The GM pesticide ordeal clearly suggests that food companies should pay more attention to potential pesticide contamination problems, and it shows how expensive such problems can be.

Multi-residue screening

A Minnesota state regulatory lab reportedly detected the unauthorized pesticide in General Mills' cereal during a routine check using a gas chromatography, multi-residue screening test. If GM had used a similar multi-residue screening check, it could have averted the entire disaster.

How do you set up such a program?

"That gets involved," says Don Gibbons, president of Corbett, OR-based Columbia Laboratories Inc. "First you look at a specific crop and then consider all the possible pesticides that are normally used on that particular type of fruit, vegetable or grain. Next is to consider how familiar your field people are with the contract farmer."

Gibbons says he often finds that field people think they know exactly what's going on in the fields, but sometimes they don't. For example, a farmer may be having a problem with a crop, and when the field man isn't there the farmer will apply a pesticide he shouldn't be using to correct the problem. Or he may substitute a less expensive but unapproved pesticide for the one he should be using.

"The danger," says Gibbons, "is that a pesticide is used that's not registered for a specific crop." This is similar to what happened with General Mills' tainted oats.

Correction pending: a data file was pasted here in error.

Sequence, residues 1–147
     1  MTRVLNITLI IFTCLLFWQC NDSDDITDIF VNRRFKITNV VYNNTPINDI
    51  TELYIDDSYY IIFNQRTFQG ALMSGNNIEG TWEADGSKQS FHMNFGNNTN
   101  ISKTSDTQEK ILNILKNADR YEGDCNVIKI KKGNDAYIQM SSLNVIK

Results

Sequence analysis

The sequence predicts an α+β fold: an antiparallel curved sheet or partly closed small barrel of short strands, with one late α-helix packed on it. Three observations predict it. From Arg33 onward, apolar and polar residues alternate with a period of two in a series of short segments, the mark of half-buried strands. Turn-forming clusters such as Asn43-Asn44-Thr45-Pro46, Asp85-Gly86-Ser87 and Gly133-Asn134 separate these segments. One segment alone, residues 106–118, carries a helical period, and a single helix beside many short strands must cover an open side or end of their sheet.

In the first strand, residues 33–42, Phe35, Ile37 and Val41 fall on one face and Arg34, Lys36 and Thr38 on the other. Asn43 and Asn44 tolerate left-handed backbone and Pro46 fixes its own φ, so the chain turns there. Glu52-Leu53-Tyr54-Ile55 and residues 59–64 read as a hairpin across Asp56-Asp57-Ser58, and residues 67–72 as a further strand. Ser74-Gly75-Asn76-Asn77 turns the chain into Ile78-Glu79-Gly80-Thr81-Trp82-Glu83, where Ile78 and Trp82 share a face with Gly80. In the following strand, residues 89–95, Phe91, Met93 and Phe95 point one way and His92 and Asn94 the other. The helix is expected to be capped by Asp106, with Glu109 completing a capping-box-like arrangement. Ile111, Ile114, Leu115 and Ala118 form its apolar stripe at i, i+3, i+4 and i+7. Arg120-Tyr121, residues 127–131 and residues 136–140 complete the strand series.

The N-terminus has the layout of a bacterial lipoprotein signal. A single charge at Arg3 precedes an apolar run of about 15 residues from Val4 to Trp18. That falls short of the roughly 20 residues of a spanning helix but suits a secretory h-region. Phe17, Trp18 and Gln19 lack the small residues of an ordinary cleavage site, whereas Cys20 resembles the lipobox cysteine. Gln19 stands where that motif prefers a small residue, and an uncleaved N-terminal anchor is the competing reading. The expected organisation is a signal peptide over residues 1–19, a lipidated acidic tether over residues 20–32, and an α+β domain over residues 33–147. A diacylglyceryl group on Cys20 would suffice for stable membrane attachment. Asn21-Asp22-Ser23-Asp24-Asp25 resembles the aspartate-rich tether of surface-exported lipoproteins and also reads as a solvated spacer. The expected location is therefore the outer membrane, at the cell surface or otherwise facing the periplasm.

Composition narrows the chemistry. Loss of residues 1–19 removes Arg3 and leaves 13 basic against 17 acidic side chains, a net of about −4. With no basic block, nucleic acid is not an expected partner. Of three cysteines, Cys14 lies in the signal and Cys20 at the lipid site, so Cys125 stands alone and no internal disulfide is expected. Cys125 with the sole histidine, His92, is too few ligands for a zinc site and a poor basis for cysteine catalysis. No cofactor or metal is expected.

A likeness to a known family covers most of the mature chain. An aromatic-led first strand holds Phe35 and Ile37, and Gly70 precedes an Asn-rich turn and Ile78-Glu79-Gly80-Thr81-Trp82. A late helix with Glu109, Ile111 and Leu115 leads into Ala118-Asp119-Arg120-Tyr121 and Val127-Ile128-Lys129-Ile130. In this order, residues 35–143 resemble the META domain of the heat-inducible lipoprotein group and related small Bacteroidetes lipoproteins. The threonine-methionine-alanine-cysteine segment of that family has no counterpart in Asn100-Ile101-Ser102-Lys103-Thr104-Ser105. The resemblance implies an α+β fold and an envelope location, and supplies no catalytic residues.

After considering all possible pesticides that are normally used and determining that your field man has good control over what's being applied in the fields, the next thing to consider is what type of pesticide applications are occurring in adjacent fields. Say, for example, you've contracted carrots for your canning operation, and the farmer in the next field is spraying beans with a pesticide that's not registered for carrots. If significant drift occurs, you can end up with canned carrots tainted with an illegal pesticide. Also, according to Gibbons, there are an amazing number of instances where state highway departments have sprayed for any one of a number of pests and inadvertently contaminated farm crops.

Since the carrots you are canning may have a long shelf life, the fact that they're contaminated with an illegal pesticide might not be discovered for two to three years. By then it's usually too late to sue the people responsible, and it is unlikely that you'll be able to recover your losses. The best way to avoid contamination by drift is to screen crops and soil routinely for pesticides.

"When you consider the damage not only to your pocketbook but also to your reputation if consumers find an illegal pesticide in your food product, it gets really expensive," points out Gibbons.

Once you've considered all reasonable possibilities of what pesticides are being used and which ones are most likely to contaminate fields accidentally, then you must consult with a reputable laboratory to decide how many of those candidates will fit in a screen. Your goal is to determine the most judicious way to spend money on multi-residue screening - i.e., exactly which multi-residue test or combination of tests will be required to ensure a reasonable degree of safety.